Hfq and quorum sensing.  The gene coding for the RNA binding protein Hfq and a part of the genes belonging to the Hfq regulon were upregulated when the transcriptional profiles of P. aeruginosa PAO1 grown in LSMMG and NG were compared (Table 1). The hfq gene was not differentially expressed in RG as compared with NG and only two genes of the Hfq regulon were differentially expressed above the twofold threshold, i.e. PA3572 and PA4611.

Comparative analysis of the LSMMG upregulated genes (1.5-fold ratio) and the gene set under positive control of Hfq (Sonnleitner et al., 2006), identified a significant overlap of 50 genes (P ≤ 0.05) (Table 1). The overlap between LSMMG-induced genes and genes under negative control of Hfq was not statistically significant. Interestingly, hfq transcription is under control of AlgU in the plant pathogen X. fastidiosa (Shi et al., 2007) and AlgU was upregulated in LSMMG-grown P. aeruginosa in the present study (see above). Hfq regulates about 5% of the transcriptome in P. aeruginosa, in part through its positive effect on the sigma factor RpoS and the QS system (Sonnleitner et al., 2006). However, neither RpoS nor major QS genes showed a significant differential expression above the twofold threshold in the test conditions. Correspondingly, the negative QS regulators rsmA and the lon-protease (Pessi et al., 2001; Takaya et al., 2008) showed a significant upregulation in LSMMG (3.12-fold and 1.94-fold respectively). In addition, we observed that a negative regulator of the las QS system, i.e. rsaL, was induced in LSMMG compared with NG (Rampioni et al., 2006; 2007).

Environmental stress genes.  Among the genes with the highest fold-induction ratios in LSMMG were those involved in the response and resistance of P. aeruginosa to stress, including groEL, htpX, grpE, katA, PA3017 (usp encoding for a universal stress protein), and uspKLMNO (Table 1). Interestingly, AlgU (upregulated in LSMMG) controls the expression of (i) genes involved in the heat shock response of P. aeruginosa PAO1 through its positive regulation of rpoH (1.97-fold induced in LSMMG) (Schurr and Deretic, 1997; Malhotra et al., 2000; Firoved et al., 2002) and (ii) universal stress proteins through anr (Alvarez-Ortega and Harwood, 2007; Boes et al., 2008) (see below). Moreover, AlgU is involved in the resistance to oxidative stress (Martin et al., 1994).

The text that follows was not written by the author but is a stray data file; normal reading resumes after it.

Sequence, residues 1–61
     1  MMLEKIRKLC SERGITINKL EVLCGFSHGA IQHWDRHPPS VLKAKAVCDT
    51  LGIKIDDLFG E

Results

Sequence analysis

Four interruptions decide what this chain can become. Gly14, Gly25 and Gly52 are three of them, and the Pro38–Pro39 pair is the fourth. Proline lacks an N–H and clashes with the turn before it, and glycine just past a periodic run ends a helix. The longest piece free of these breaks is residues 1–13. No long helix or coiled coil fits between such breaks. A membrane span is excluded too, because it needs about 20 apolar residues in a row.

Microaerophilic/anaerobic gene expression.  A notable number of genes upregulated in LSMMG as compared with NG have previously been identified to be involved in the metabolism of P. aeruginosa in microaerophilic and/or anaerobic conditions (Filiatrault et al., 2005; Alvarez-Ortega and Harwood, 2007; Platt et al., 2008) (Table 1). Indeed, the overlap between the LSMMG gene set and the microaerophilic/anaerobic transcriptome of P. aeruginosa (Alvarez-Ortega and Harwood, 2007) was confirmed not to be a chance event, as determined by hypergeometric distribution. A part of the gene transcripts involved in microaerophilic and anaerobic metabolism, which were shown upregulated in LSMMG, were also upregulated when RG was compared with NG, albeit in a majority of the cases to a smaller extent and below the twofold threshold.

Growth of P. aeruginosa in an environment with low oxygen levels requires the expression of terminal oxidases with a high affinity for oxygen (Comolli and Donohue, 2004; Alvarez-Ortega and Harwood, 2007). Two genes of the cbb3-2 type cytochrome oxidase operon (ccoO2, ccoN2), which play a significant role for growth of P. aeruginosa in oxygen-limiting conditions, were found to be slightly upregulated in LSMMG but not in RG, when compared with the NG control. Furthermore, other genes which are specific for growth in microaerophilic conditions (Alvarez-Ortega and Harwood, 2007) were upregulated in LSMMG (i.e. rsaL, uspK, katA, ccpR) and many genes previously identified as upregulated under both anaerobic and microaerophilic conditions (Filiatrault et al., 2005; Alvarez-Ortega and Harwood, 2007; Platt et al., 2008) were also more transcribed in LSMMG compared with NG. The oxygen-responsive transcription regulator Anr presumably played an important role in the LSMMG response because the anr gene and several of the microaerophilic/anaerobic genes induced in LSMMG are under control of Anr (aer, ccoO2, ccoN2, hemN, arcDABC, uspKLMO) (Rompf et al., 1998; Comolli and Donohue, 2004; Schreiber et al., 2006; Boes et al., 2008). Interestingly, Aer (under control of Anr) controls aerotaxis in P. aeruginosa (reviewed by Kato et al., 2008) which might have played a role in the LSMMG response because genes involved in chemotaxis and motility were upregulated in LSMMG compared with NG (see below).